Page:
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The Nigerian Police Force (NPF) has long been a canker-worm in the Nigerian polity. From allegations of bribery, extortion, indiscriminate shootings, extrajudicial killings, to unique patterns of abuse, it has been a tale of woes for citizens. Many past presidents have tried reforming the police, mainly for personal reasons, and the effort have all proved abortive.


Cue the Federal Special Anti-Robbery Squad (F-SARS), a special division in the police created to nip armed robberies in the bud – they suddenly started chasing youths into their early death. Operatives jumped around heavily armed and in unmarked vehicles like hardened criminals themselves; indiscriminately stopping and searching citizens and carting them away, if they were not able to fritter money away from their victim. Many of their ‘kidnapped’ victims have never been found afterwards as many of these were known to be executed summarily in the “abbatoir” even before getting a fair representation or trial at court. The statutes of human rights dictates that even criminals should be given fair hearing if they get apprehended.

Online advocacy

Such illegal atrocities by a police unit which should largely be intelligence-based and tactical when deployment is necessary, can never be over-exaggerated. A unit supposed to be preventing what they now boldly perpetuate soon caught the eyes of the public. The public used platform of social media to assemble effort and it has been a tug of war since then, some protesting in favour of SARS. However, a movement called #EndSARS on Twitter made all the difference. Starting with a hashtag and pushed by several terrible tales of human rights abuses by these officers, the movement soon began trending on Twitter until it got world attention. Amnesty International’s Nigerian office added one of the earliest known nationwide/international voices to the campaign too, yet it didn’t attract major international media attention. But when Segun Awosanya together with a group of concerned individuals under Citizen Gavel banner intensified effort to run an online petition which gathered close to 50,000 signatures of individuals complaining about SARS, the matter could no longer be avoided by the ranks of the Federal Government and the National Assembly. Vice President Osinbajo, in acting capacity as President as at 14th August, gave an express order to the Police Inspector General that the Special Anti-Robbery Squad must be reformed immediately, as well as allegations investigated by the National Human Rights Commission. That did not just happen without it becoming imminent that a class action suit was going to be filed against the government. This development became a widely celebrated move which has reverberated across the police ranks and it was soon ranked as one of the best moves by the present administration, even though it came very late. In retrospect, I do not think it is proper for agitation to be pushed that far before such grave concerns are attended to. It is a duty of government, at all times, to protect the interests of its citizens, whether high or low.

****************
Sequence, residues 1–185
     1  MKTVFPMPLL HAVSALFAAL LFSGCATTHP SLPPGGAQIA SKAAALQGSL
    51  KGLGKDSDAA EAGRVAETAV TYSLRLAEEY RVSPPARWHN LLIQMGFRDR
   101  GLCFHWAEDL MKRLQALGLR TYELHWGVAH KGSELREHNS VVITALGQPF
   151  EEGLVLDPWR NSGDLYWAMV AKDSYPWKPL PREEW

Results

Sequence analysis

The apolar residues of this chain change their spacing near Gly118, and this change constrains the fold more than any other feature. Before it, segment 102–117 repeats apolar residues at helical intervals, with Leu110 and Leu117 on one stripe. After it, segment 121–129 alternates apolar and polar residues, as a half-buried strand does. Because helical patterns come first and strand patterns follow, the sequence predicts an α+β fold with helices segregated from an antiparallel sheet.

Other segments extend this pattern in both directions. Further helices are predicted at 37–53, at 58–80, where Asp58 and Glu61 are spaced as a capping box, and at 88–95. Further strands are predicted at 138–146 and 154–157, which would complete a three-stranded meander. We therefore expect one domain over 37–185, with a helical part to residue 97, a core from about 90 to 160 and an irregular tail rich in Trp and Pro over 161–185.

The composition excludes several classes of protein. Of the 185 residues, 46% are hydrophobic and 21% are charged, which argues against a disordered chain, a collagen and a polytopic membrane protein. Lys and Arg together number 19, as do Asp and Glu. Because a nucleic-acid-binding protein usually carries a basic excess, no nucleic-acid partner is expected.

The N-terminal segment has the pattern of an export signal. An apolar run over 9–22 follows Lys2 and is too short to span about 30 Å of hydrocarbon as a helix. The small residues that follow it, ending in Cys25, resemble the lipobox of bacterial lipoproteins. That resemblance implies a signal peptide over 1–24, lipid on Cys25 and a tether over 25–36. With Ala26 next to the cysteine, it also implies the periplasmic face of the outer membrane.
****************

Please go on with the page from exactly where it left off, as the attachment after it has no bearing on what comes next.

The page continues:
First of its kind

It will go on record that this is the first pressure group initiative which began online in Nigeria and was able to record at least a minimal degree of success at reform level, and without any bloodshed culminating from its advocacy. It is a reflection of the fact that deep and well managed online pressure initiative can be successful if they were pushed systematically by selfless and organized individuals with the support of a majority. We may say it is a sign that our democracy is growing and deepening further in its stylistics. It is a matter portending a good omen and we should celebrate it, no matter how minimal the success so far.

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This article was first published on 27th August 2018


Macaddy is mostly a farmer in the day who also dabbles into technology at night, in search of other cutting edge intersections. He's on Twitter @i_fix_you

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